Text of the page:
It’s the year 2018 and it’s impossible for a software developer to have not heard about (or used) Github, or a variant like Bitbucket. Even self-hosted Git evangelist GitLab is a popular choice.
However, at the start of February 2018, I provisioned a new Cloud VPS to run my website and other apps. I also chose to migrate all my private Git repositories to it and cancelled my paid Github subscription.
There are several reasons why I chose to go with self-hosted Git repositories.
Since creating The Andy Sanc’tree in 2013, and subsequently launching andyheathershaw.uk in 2015, I’ve always paid for a virtual server to run my websites.
For the last couple of years, I’ve also paid for Github to store the code for my own apps.
My server costs me £35 a month; Github approximately £5 (depending on the exchange rate.)
Therefore I save about a fiver each month by self-hosting my own Git repositories on the server I’m paying for anyway. I only use Github now for my open-source projects, which I can do with a free account.
I don’t like not having control over critical elements of my projects. Hosting my source code on Github was fine when it was just my personal website. Since launching my free email and SMS reminder service, Simply Remind Me, which holds personal data, I need to know that my code is safe.
I can enforce firewall rules on my Cloud VPS and backup my server off-site to my cloud storage account.
If a security breach happens, or I lose some code or data because it wasn’t backed up properly, it’s on my watch.
I can handle that; it’s my fault. I can’t handle a third-party provider losing it in some way that’s totally out of my control.
If you think I’m being paranoid, GitLab lost 6 hours of production data in 2017 when a team member accidentally removed almost 300GB of data from a primary database server.
I’m not a typical software developer, who leaves it to the networking and server guys to keep their precious applications running smoothly.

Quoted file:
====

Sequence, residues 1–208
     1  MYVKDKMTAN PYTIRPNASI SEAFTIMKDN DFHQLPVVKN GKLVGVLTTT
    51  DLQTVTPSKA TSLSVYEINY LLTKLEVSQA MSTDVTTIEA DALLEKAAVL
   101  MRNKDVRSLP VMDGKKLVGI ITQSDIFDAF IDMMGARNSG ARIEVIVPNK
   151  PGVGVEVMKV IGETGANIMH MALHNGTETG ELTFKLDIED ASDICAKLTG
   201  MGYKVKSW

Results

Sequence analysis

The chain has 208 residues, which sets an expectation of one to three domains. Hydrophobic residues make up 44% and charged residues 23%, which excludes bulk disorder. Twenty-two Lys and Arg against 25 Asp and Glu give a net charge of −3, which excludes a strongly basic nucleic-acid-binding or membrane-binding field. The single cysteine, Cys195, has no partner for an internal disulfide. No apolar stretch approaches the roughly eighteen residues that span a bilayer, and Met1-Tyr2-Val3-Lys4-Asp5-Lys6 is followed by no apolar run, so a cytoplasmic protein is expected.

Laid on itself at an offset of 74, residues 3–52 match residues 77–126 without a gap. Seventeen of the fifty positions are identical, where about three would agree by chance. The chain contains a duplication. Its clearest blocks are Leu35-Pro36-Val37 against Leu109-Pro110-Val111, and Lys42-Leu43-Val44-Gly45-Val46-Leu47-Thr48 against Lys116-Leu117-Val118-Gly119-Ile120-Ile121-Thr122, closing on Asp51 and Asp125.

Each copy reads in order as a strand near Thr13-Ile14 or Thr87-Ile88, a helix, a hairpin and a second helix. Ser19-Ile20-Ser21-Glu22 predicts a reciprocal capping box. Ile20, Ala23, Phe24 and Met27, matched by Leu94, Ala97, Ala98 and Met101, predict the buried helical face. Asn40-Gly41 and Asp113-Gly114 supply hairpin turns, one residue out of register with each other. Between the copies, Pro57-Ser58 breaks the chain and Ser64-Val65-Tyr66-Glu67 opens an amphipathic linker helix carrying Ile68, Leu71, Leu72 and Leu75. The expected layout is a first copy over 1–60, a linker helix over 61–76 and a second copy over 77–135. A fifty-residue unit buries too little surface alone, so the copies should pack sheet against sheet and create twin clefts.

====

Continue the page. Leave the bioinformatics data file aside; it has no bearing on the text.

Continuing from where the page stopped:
I enjoy all the boring, monotonous system admin tasks – configuring, patching and maintaining my server. I’m comfortable with the command-line, and I have used Ubuntu Linux in some way, shape or form, since it’s release in 2004.
This also goes hand-in-hand with the above point. I have full control over when patches are applied and my server is rebooted.
You could say I enjoy DevOps, but I’m also a traditionalist, and just call it plain-old system admin.
There are several software packages to choose from that allows you to self-host your Git repositories.
GitLab offer a community edition – however it requires 4GB free memory (my server has 4GB in total!) and I’m always nervous of using an enterprise company’s “community” or “open-source” product, as they are free to revoke it at any time.
I chose Gitea – an open-source project, written in Go, which is itself a fork of Gogs (Go Git Service.) Gogs aims to offer equivalent functionality to Github, with a familiar interface. Even the Gogs API attempts to replicate Github’s API like-for-like.
The only issue with Gogs is that it’s maintained in its entirety by one person, which means new releases and bug fixes are sometimes a long time in coming. If the maintainer does not agree with a suggestion, it is not implemented.
The open-source community forked Gogs to create Gitea. The project team release new updates quicker than Gogs’ maintainer and Gitea’s functionality now surpasses that of Gogs. In fact, Gitea is now a successful project based off its own merits.
Both Gogs and Gitea have a significantly smaller footprint than most other systems. My Gitea instance is currently running with a footprint of just 37MB, and a total of 176MB allocated since its launch.
Using Gitea, I mirror my open-source Github repositories to my own server, and directly host my private repositories just on my server.
You can check out my own Gitea instance at apps.andyheathershaw.uk.
The irony is not lost on me that both Gogs and Gitea manage their respective projects and source code on Github. I don’t know why either.